Month to month mite population growths. Numbers less than 1 indicate population declines.
Period   Primorsky Colonies       Domestic Colonies    
   June 98 - July 98       0.89    1.31

   July 98 - Aug. 98     

0.57  1.02
   Aug. 98 - Sept. 98      0.97 1.06
   Sept. 98 - Oct. 98      .094 10.8
   Oct. 98 - Nov. 98      0.85 1.21
   Nov. 98 - Feb. 99      1.38 2.82
   Feb. 99 - Mar. 99      2.58 4.06

   Mar. 99 - Apr. 99     

3.39 1.75
   Apr. 99 - May 99      2.36 1.32

   May 99 - June 99     

1.14 0.97
   June 99 - July 99      0.91 0.96
   July 99 - Aug. 99      0.50--

   Aug. 99 - Sept. 99     

0.64--
   Sept. 99 - Oct. 99      0.40--
   Oct. 99 - Nov. 99      0.93--
Overall, Primorsky (P) honey bees appear to have several mechanisms which act in concert to provide them with substantial resistance to V. destructor.  It is unlikely that we have yet identified all of the factors that may contribute to this resistance.  Indeed, a substantial number of hypothesis remain wholly or partially untested.  However, the the diversity of traits identified in this study that may contribute to the resistance suggests that a constellation of traits and genes underlie the overall resistance and provide opportunities for further development of the resistance through selective breeding.


Reference to the full article: 

T. E. RINDERER, L. I. DE GUZMAN, G. T. DELATTE, J. A. STELZER, V. A. LANCASTER, V. KUZNETSOV, L. BEAMAN, R. WATTS, J. W. HARRIS.  Resistance to the parasitic mite Varroa destructor in honey bees from far-eastern Russia.  Apidologie 32 (2001) 381?394 381


Multi-State Field Trials: Varroa Response

Multi-State Field Trials of ARS Russian Honey Bees
1. Responses to Varroa destructor 1999, 2000


 

Field trials of Russian honey bees (ARS Primorsky stock) propagated as queen lines from queens imported from the far-eastern province of Primorsky were conducted in 1999 and 2000 in Iowa, Louisiana, and Mississippi. Varroa destructor populations in Primorsky colonies grew more slowly and hence, had fewer numbers than they did in domestic colonies. Colonies of six Primorsky queen-lines evaluated in 1999 averaged about half the number of mites found in domestic control colonies. In 2000, colonies of 10 Primorsky queen lines in Louisiana supported an average V destructor population growth of 2.5 fold increase across 91 days, far less than the 17.3 fold increase predicted from growth models derived for domestic colonies. Most colonies of the same 10 Primorsky queen-lines in Iowa and Mississippi had no (150 colonies) to very few (48 colonies) detectable V destructor three months after being inoculated with about 100 mites. Hence, in all trials, ARS Primorsky honey bees showed strong resistance to V. destructor. Variance within and between queen lines indicates good potential to further increase this resistance through selective breeding.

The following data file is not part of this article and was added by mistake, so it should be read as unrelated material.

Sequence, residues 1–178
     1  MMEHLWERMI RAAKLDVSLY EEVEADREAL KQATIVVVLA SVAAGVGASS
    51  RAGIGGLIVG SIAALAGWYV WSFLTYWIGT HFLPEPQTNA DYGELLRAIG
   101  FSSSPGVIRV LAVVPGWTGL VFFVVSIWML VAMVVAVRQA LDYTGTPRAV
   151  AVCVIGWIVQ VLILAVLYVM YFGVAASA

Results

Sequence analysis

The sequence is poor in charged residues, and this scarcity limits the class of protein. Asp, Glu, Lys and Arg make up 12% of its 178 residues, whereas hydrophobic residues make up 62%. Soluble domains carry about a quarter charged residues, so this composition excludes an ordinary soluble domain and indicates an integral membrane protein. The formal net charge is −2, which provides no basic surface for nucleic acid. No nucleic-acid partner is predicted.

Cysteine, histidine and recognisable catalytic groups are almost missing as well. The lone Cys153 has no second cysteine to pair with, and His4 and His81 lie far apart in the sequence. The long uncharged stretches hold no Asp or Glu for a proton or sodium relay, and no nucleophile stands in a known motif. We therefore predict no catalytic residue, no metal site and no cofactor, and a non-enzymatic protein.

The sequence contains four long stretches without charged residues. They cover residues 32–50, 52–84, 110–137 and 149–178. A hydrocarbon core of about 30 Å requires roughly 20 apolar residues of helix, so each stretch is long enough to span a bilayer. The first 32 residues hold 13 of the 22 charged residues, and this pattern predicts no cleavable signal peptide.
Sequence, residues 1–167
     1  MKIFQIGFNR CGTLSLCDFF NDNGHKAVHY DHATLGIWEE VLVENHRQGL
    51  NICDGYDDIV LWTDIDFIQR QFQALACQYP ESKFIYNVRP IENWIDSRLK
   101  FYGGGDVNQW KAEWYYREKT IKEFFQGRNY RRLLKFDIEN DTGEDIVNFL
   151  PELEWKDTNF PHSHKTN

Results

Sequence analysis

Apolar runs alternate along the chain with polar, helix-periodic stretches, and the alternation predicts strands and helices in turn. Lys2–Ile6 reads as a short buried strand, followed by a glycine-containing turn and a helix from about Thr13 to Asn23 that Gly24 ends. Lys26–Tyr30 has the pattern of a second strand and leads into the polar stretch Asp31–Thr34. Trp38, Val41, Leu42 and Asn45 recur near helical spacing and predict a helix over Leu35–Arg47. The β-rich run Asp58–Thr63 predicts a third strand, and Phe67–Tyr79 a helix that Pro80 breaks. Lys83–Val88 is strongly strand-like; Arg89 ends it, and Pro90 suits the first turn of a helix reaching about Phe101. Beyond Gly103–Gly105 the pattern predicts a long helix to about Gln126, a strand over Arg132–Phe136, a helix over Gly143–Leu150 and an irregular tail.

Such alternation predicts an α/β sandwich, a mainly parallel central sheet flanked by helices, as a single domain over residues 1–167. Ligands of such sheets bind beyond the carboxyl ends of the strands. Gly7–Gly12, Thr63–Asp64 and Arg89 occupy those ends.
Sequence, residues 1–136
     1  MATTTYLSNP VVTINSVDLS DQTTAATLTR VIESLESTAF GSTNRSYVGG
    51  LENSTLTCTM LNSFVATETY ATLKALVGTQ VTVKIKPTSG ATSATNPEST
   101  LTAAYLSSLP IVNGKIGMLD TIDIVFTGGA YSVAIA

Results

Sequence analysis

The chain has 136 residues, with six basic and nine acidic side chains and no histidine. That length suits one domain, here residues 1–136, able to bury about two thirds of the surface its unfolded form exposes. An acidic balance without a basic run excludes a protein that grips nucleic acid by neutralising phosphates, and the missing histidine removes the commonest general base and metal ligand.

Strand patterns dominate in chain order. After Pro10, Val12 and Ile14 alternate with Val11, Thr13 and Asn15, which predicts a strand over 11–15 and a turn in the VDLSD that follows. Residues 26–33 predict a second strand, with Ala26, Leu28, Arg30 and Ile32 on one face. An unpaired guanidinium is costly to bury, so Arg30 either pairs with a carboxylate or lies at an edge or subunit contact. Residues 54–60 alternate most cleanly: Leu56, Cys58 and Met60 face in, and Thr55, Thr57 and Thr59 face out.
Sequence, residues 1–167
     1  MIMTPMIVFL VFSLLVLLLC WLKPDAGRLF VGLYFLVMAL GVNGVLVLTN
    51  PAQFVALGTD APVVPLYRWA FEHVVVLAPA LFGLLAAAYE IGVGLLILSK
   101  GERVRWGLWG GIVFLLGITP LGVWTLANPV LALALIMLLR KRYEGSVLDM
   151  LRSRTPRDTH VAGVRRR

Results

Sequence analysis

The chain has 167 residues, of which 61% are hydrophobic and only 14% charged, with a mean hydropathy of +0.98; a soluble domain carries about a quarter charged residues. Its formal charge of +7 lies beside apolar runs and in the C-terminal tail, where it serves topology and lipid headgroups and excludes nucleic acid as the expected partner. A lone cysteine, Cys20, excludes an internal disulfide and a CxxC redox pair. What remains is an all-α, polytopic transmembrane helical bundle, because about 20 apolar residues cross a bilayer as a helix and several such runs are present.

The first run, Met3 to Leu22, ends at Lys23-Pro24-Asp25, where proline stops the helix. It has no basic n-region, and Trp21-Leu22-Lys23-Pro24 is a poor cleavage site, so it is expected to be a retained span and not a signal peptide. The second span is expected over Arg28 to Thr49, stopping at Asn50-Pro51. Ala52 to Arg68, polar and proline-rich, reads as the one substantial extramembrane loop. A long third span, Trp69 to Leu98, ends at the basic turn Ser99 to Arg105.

Fig.1 -  The average number of adult V. destructor mites in Primorsky (Blue) and domestic (White) honey bee colonies at 4 examinations separated by 34 day intervals in three states in 1999.? i, an inoculation of about 100 mites was given to colonies in Louisiana and Mississippi at the time indicated.

Fig.1 -  The average number of adult V. destructor mites in Primorsky (Blue) and domestic (White) honey bee colonies at 4 examinations separated by 34 day intervals in three states in 1999.  i, an inoculation of about 100 mites was given to colonies in Louisiana and Mississippi at the time indicated.

Fig. 2 - The average mite population growth (MPG) expressed as fold increase in V. destructor mite populations in Primorsky (Blue) and domestic (White) honey bee colonies at 4 examinations separated by 34 day intervals in three states in 1999.  Period 1 (not shown) provided baseline data.

Fig. 2 - The average mite population growth (MPG) expressed as fold increase in V. destructor mite populations in Primorsky (Blue) and domestic (White) honey bee colonies at 4 examinations separated by 34 day intervals in three states in 1999.  Period 1 (not shown) provided baseline data.